Larry Shaw

Trade School

Larry Shaw is helping do-gooders advance their missions through the lost art of bartering.

By Jessica Bizik
Photography by Chris Crews

For a few months after leaving the corporate world to become a social entrepreneur, Larry Shaw ended up sleeping in his car.

“I told my Mom I’d be homeless or dead before I ever worked for somebody else again,” says the University of Pikeville grad, who now works as a motivational speaker, author, and consultant to organizations that want to engage meaningfully with disenfranchised youth. “So one of those predictions actually came true.”

While every do-gooder is different, most folks who do community work say it comes at some cost—financial, physical, mental or emotional. People who go “all in” to help others sometimes forget to take care of themselves. They may experience vicarious trauma or just high-stress levels. And they often end up using their own resources, no matter how scarce, to advance their missions.

“It’s like the concept of the poor, righteous teacher. People expect you to work for free, but that’s impossible when it’s all you are doing,” Larry explains. “Sometimes in a capitalistic society like ours, we neglect to compensate individuals who are making the biggest impact on our kids, neighborhoods and cities—often at great sacrifice to themselves.”

That’s what inspired him to develop bARTer & build, a platform where entrepreneurs, nonprofits, and volunteers can connect for the purpose of exchanging products, services, and resources to help keep themselves (and their missions) afloat.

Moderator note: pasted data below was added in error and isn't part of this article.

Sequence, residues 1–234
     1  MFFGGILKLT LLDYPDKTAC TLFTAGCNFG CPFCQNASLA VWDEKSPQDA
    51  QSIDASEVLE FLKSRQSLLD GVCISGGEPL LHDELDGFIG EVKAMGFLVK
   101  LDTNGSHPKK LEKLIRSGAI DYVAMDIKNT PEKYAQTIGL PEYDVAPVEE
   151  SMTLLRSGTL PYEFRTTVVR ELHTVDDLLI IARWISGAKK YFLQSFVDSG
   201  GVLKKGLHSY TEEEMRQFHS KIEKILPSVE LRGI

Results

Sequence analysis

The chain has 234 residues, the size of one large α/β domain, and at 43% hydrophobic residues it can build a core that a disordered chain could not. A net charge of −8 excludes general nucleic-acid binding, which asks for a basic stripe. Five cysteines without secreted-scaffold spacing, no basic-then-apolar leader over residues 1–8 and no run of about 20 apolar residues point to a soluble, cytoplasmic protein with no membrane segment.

For example, a web developer might barter with a yoga instructor—offering to build a website in exchange for taking free classes at her studio. A barber could trade haircuts for a promo video. Or a pastry chef could provide dessert for a fundraising gala in exchange for putting coupons in all the goody bags. (And all of them can become ambassadors for each other’s businesses and causes.)

While it would be tempting to make all this magic happen in cyberspace—by, say, developing an online platform like Fiverr—Larry is committed to making bARTer & build a real-world community, where members get together for monthly meetings, special events, and face-to-face dialogue.

“Many innovators struggle due to lack of human capital. If you don’t have a team, there’s nobody else to offer new ideas and perspectives, or to challenge your assumptions,” he says. “bARTer & build will be a true community of change agents, who support each other and make each other better.”

Plus, the meetings will give Larry a chance to do three things he does exceedingly well: active listening, problem solving, and matchmaking (in a platonic, social entrepreneurial kind of way).

“You can pick the two most random, seemingly disconnected people in a room—and, if you give me a few minutes, I can figure out a way for them to help each other and help the community,” he says. “I’m lucky, I can just see it.”